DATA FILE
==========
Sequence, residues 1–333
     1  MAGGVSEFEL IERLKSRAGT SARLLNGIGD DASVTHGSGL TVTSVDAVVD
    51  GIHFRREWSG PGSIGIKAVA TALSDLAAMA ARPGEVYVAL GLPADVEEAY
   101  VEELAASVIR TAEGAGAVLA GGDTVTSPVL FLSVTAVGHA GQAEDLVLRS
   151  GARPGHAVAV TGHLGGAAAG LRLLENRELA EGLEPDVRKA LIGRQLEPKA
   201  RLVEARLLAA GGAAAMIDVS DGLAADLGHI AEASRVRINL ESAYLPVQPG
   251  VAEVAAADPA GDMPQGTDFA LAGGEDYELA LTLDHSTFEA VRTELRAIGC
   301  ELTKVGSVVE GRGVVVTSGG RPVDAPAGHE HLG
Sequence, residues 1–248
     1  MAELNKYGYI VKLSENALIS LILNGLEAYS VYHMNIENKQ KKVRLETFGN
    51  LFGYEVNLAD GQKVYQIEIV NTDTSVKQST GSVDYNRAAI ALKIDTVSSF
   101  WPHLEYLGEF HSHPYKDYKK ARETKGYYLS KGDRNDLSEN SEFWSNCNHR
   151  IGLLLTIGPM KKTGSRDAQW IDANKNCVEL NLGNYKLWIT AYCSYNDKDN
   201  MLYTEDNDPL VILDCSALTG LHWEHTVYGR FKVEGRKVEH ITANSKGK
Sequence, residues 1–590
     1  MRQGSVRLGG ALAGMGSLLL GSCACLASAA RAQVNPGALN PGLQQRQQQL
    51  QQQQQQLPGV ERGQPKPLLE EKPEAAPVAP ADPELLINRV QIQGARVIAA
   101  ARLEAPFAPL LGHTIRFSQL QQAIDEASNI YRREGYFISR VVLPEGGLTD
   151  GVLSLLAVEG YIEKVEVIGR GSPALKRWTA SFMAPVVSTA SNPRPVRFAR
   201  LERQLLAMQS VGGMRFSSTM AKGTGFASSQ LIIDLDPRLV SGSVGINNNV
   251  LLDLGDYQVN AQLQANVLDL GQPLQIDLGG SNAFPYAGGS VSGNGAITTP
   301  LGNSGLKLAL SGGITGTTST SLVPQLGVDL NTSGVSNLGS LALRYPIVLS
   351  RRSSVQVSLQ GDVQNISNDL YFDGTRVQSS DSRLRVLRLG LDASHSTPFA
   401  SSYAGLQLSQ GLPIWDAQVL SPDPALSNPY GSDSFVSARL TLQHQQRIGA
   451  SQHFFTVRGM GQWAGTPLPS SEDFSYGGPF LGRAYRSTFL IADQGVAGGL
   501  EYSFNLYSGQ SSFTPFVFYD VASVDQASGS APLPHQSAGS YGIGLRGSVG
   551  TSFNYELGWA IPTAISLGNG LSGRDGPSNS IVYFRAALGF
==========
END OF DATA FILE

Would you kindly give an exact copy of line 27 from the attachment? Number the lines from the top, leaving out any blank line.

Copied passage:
   551  TSFNYELGWA IPTAISLGNG LSGRDGPSNS IVYFRAALGF